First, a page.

Gym Troubles

Old 03-13-2010, 12:39 AM
  #11  
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Maybe you should check out "Turbulence Training"(.com). I've been using this program for a couple months and I think it's pretty good. I (like you) don't have a lot of time for the gym, but with these programs- you don't even need to go to the gym. A lot of simplified routines ranging from body weight workouts to workout requiring nothing more than a simple set of dumbells and an excercise ball. Much cheaper than a personal trainer. Good Luck!
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Old 03-13-2010, 04:51 PM
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Hey Lysady,

Sounds like you pretty new to lifting so start slow. This is a long journey and not a quick fix. The first thing I would recommend is to learn the proper way to lift. It sounds like the trainers at your gym probably would not be as helpful as one might hope so I recommend the book “Starting Strength” by Mark Rippetoe and Lon Kilgore (they also have a great wiki page). These guys know what they are talking about. Master the 5 or so excises they recommend.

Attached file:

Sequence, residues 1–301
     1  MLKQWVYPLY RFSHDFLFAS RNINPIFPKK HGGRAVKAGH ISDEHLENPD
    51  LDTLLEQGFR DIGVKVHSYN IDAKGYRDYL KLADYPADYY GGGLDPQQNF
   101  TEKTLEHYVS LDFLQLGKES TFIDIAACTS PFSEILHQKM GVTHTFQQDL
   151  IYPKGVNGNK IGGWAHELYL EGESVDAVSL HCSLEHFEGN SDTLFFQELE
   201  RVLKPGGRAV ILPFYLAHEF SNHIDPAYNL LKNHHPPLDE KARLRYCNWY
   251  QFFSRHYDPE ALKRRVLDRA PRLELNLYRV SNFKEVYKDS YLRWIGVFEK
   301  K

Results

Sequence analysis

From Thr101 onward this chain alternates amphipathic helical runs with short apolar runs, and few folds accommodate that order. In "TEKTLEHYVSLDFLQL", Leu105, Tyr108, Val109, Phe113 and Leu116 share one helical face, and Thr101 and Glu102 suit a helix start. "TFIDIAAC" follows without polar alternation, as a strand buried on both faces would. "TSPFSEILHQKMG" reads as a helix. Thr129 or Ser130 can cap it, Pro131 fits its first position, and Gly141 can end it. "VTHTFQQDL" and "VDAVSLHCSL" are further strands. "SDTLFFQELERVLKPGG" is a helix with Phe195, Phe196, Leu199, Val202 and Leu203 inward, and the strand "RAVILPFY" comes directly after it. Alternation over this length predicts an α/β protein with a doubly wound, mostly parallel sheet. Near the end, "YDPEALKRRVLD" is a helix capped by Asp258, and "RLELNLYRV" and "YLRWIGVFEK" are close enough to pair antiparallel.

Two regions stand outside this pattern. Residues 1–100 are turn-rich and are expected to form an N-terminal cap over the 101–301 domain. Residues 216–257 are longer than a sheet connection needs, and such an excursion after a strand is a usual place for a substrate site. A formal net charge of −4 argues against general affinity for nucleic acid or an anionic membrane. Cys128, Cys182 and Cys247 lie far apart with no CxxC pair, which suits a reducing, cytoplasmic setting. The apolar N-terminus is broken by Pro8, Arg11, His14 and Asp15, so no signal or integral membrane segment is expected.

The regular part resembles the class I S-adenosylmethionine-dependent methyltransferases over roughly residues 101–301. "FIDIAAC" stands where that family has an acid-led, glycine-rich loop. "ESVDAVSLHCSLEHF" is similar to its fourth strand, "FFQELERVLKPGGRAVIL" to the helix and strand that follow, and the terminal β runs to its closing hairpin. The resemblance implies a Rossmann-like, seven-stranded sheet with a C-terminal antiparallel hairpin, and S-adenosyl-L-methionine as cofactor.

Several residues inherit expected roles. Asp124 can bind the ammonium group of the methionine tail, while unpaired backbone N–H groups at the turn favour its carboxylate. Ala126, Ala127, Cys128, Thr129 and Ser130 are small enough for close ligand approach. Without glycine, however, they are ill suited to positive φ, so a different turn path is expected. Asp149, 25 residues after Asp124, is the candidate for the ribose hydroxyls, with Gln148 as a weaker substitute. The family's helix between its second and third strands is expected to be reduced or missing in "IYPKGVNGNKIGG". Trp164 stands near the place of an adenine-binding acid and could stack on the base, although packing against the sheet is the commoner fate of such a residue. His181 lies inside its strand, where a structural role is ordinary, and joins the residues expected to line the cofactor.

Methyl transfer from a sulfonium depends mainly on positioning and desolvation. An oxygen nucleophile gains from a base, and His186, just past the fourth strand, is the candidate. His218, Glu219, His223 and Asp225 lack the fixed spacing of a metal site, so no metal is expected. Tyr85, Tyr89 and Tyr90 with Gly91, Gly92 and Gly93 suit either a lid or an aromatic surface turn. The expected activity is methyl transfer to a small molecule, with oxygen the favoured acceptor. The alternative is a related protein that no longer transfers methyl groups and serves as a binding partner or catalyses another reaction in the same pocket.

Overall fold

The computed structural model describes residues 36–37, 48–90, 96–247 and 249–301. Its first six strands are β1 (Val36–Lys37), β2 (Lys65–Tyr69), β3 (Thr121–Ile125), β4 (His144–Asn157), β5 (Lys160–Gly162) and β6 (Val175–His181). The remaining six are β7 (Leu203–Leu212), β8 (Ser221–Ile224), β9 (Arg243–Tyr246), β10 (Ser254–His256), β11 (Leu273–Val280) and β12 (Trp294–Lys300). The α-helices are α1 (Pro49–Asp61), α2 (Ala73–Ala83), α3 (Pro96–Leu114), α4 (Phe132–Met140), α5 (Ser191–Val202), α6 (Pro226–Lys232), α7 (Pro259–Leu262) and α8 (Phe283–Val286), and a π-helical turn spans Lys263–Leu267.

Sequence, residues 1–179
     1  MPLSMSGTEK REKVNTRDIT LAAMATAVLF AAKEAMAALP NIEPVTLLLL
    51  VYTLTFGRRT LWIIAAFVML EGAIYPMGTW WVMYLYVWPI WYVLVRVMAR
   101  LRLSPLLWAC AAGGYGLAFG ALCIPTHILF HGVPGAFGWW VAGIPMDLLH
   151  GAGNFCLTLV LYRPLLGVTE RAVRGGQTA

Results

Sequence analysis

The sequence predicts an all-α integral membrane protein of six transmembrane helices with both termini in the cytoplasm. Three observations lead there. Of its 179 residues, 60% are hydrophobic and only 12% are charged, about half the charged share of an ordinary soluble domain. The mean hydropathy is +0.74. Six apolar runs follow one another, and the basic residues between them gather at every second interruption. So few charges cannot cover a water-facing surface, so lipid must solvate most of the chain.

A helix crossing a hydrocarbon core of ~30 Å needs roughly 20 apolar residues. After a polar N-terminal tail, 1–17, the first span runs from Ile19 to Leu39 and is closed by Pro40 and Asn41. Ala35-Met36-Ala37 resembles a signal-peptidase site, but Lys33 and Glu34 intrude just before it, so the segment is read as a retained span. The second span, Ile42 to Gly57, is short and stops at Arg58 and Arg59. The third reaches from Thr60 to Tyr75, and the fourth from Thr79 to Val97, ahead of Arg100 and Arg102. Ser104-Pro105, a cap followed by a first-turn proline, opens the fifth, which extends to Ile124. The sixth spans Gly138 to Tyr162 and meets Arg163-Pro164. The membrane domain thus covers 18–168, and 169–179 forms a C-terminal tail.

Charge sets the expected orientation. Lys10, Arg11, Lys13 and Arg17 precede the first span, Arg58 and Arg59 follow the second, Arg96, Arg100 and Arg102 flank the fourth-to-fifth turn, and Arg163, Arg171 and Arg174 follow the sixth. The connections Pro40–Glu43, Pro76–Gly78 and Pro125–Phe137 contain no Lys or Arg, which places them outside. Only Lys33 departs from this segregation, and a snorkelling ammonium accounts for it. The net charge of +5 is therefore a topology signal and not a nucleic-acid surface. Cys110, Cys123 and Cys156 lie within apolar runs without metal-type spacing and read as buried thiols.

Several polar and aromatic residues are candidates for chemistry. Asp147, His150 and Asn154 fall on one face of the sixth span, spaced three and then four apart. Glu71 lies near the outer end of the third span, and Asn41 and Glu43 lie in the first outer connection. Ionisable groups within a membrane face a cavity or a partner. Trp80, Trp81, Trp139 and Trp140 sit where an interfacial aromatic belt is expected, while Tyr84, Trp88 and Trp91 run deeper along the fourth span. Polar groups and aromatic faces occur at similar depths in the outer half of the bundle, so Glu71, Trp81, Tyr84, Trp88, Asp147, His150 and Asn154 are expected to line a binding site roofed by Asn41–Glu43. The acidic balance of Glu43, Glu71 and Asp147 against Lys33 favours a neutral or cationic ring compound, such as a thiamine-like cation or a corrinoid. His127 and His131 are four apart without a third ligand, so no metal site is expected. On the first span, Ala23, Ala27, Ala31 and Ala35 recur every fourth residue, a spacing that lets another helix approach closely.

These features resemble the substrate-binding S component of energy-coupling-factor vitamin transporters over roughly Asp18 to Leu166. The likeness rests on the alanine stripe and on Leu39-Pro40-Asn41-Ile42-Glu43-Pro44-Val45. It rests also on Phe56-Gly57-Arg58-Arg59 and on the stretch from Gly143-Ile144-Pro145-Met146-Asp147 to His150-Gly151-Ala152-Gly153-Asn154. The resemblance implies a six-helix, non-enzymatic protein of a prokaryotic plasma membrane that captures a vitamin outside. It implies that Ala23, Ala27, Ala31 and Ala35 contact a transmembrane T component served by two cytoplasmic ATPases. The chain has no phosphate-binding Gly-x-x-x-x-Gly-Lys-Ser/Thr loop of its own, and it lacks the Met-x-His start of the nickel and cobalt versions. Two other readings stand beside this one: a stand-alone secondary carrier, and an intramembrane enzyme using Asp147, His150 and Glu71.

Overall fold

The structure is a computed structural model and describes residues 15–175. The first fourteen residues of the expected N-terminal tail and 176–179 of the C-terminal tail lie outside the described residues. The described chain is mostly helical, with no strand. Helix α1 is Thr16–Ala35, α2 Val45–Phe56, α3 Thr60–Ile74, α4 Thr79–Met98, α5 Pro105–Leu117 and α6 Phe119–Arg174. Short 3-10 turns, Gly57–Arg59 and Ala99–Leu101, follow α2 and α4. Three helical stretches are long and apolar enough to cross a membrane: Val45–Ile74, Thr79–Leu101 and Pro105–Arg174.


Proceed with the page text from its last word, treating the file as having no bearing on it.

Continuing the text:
Do you only have time to workout 1-2 times per week or only have time to go to the gym 1-2 times? Either way my advice is lift heavy (again after learning how to lift) 1 time per week and do high intensity work 1-2x per week.

Again start slow – heavy and high intensity are both relative terms.

I am not a believer in cardio more than 20 minutes, or at least consistently more than 20 minutes. There are some great workouts (bodyweight etc) that you can do in 20 minutes or less (look up “tabata”).

Pushups, dips, pull-ups, body weight squats, sprints (highly recommend), throwing my child in the air are all exercises that do wonders and can be done at home and involve family. For example do as many pushups, sit-ups and squats that you can in 10 minutes. Add and subtract exercises, duration and resistance (weight) each week. Variation is key.

Quality (eating and exercise) is more important than quantity.

Hope this helps.
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Old 03-13-2010, 09:52 PM
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Hi Pb